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Why People in India Are Googling How to Stash Their Cash

Demonetization Effect: Long Queue Outside Banks To Exchange CashDemonetization Effect: Long Queue Outside Banks To Exchange Cash
A queue in front of the State Bank of India in east Delhi for new currency on November 10, 2016. Hindustan Times—Getty Images

As the world came to terms with the shock election of Donald Trump, India found itself dealing with its own systemic shock on Wednesday.

In a surprise move, Indian Prime Minister Narendra Modi announced that he was scrapping all current 500 and 1,000 rupee notes—rendering 86% of all Indian currency worthless, Bloomberg reports.

Banks around India were closed Wednesday in preparation for the switch, and ATMs were also turned off. Meanwhile, the country’s citizens panicked in the race to exchange their soon-to-be obsolete currency.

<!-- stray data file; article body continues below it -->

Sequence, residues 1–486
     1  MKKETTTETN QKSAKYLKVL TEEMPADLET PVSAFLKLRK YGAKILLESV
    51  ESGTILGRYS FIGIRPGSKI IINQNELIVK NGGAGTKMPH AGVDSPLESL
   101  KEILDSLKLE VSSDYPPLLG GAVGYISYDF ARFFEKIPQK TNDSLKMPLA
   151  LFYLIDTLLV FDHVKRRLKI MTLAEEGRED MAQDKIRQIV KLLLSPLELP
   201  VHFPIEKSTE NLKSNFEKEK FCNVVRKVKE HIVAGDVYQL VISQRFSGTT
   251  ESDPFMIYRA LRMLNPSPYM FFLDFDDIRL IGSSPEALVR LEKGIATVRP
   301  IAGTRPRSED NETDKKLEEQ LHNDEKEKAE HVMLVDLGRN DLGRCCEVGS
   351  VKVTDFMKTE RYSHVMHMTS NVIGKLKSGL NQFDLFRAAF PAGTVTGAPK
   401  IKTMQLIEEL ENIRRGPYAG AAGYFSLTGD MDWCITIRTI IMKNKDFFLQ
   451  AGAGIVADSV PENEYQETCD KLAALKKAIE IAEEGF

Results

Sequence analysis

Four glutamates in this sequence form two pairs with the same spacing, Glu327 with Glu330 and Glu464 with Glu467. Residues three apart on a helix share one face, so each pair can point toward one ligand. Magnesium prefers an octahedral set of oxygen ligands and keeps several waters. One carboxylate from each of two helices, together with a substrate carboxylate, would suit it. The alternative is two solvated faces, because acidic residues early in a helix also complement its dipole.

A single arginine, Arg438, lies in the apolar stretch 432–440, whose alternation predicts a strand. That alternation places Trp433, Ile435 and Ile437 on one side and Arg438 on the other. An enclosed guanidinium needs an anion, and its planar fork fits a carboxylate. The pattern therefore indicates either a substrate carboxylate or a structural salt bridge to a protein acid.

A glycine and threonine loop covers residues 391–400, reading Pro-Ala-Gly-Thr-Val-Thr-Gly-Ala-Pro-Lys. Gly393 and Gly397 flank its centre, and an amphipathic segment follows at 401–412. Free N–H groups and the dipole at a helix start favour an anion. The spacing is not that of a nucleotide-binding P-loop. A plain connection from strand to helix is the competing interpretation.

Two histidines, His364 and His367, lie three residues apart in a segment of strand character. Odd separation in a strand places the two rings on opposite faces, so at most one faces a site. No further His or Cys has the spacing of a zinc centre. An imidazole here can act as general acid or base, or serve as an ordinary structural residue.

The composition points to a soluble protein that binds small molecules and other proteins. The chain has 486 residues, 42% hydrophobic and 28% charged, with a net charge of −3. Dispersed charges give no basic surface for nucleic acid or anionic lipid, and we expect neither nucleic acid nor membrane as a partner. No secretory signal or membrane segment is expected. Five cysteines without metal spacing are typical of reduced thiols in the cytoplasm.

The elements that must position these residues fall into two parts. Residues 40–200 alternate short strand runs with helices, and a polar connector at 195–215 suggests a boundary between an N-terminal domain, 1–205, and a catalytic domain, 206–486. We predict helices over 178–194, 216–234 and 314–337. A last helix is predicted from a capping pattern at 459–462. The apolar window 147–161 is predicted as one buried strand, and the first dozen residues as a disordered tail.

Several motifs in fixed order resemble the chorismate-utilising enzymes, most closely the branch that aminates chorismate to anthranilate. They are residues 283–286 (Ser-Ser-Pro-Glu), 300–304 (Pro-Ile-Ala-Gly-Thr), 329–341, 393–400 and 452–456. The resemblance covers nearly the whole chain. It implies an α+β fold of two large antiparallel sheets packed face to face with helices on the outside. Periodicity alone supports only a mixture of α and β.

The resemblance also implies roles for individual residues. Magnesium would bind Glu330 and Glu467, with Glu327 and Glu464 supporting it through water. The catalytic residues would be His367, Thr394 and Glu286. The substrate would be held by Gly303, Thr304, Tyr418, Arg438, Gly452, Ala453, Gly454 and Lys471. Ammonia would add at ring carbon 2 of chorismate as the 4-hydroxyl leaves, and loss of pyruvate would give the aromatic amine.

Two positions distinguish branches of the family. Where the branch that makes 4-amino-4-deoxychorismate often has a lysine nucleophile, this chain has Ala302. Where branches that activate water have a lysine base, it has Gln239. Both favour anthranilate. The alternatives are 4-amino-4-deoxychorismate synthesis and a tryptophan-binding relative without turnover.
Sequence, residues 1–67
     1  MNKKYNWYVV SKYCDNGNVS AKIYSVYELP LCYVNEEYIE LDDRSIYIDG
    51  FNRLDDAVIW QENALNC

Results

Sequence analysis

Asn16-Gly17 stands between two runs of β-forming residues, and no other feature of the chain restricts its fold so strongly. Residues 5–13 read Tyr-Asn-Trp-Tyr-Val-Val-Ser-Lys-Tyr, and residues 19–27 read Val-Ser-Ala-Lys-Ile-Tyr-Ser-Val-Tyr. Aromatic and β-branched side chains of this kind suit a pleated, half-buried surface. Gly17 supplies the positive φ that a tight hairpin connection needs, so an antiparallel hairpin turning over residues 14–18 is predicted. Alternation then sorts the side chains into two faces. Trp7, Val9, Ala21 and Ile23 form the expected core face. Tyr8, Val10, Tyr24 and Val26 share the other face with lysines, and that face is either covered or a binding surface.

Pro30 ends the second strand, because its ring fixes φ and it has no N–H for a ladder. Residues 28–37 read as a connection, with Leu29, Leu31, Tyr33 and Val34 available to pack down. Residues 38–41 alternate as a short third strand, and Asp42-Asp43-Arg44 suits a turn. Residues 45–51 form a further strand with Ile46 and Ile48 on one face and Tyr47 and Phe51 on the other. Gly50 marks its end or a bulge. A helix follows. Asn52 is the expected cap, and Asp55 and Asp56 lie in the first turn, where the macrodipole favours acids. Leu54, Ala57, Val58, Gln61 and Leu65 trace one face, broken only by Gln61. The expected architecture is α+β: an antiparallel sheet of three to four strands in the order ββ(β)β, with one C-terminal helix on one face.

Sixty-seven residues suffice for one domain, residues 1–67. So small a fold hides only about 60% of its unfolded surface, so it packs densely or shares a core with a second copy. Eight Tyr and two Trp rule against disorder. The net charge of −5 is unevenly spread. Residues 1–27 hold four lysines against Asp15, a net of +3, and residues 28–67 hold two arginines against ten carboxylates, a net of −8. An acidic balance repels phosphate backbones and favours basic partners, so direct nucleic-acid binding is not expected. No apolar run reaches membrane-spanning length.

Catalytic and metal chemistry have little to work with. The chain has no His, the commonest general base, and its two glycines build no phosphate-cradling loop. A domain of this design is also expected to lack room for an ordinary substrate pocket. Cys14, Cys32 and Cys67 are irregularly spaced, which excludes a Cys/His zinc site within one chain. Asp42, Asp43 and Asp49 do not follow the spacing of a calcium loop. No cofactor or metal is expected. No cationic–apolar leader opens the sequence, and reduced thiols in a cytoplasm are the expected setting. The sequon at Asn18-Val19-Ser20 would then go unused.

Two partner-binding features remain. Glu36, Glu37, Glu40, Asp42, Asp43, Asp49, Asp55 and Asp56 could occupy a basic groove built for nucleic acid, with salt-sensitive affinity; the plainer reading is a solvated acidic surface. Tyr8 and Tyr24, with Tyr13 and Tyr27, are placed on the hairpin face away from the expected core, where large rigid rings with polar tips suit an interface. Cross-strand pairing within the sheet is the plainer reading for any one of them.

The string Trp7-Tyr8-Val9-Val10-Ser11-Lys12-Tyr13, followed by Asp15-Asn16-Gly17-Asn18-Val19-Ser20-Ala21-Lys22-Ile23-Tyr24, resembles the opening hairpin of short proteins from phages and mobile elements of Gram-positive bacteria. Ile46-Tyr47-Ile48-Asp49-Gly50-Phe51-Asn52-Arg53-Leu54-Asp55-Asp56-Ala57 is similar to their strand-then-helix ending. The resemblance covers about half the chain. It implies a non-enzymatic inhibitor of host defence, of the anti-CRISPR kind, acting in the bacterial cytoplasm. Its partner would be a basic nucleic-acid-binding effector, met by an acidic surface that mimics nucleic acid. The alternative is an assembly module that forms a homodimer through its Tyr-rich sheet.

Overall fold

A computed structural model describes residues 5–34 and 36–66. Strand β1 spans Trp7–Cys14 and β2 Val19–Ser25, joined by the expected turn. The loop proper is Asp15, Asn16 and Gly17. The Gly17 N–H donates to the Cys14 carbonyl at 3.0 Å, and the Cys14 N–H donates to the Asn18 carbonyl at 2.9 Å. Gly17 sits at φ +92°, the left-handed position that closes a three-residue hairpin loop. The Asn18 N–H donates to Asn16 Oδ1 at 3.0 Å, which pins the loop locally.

On the streets, massive lines snaked through India’s towns and cities on Thursday. There were reports of husbands discovering their wives’ secret stashes, saved quietly and carefully over decades. Many are now scrambling to rescue their life savings.

But Modi’s shock currency change was, in part, conceived to deter those stashing large amounts of money in order to avoid tax.

Since the Tuesday announcement, many in India have been asking Google for a solution to the problem of undisclosed wealth. Several iterations of “how to convert black money into white money” have been trending on Google, spiking sharply immediately after the announcement, with the most searchers in Gujarat—Modi’s home state. “‘Black money’ is the local term for cash stashed away to avoid tax,” Bloomberg reports.

The move is designed to bring all black money to the surface by “outing” tax evaders and preventing counterfeit 500 rupee notes.

“It is like a surgical strike on black money,” explained India’s Revenue Secretary Hasmukh Adhia, speaking to Reuters earlier in the week.

For more on India’s economy, watch Fortune’s video:

“This one decision will change social culture, in the way people keep money and spend,” said India’s Finance Minister Arun Jaitley on Wednesday. “The honest person has the satisfaction to be honest and the not-so-honest worry.”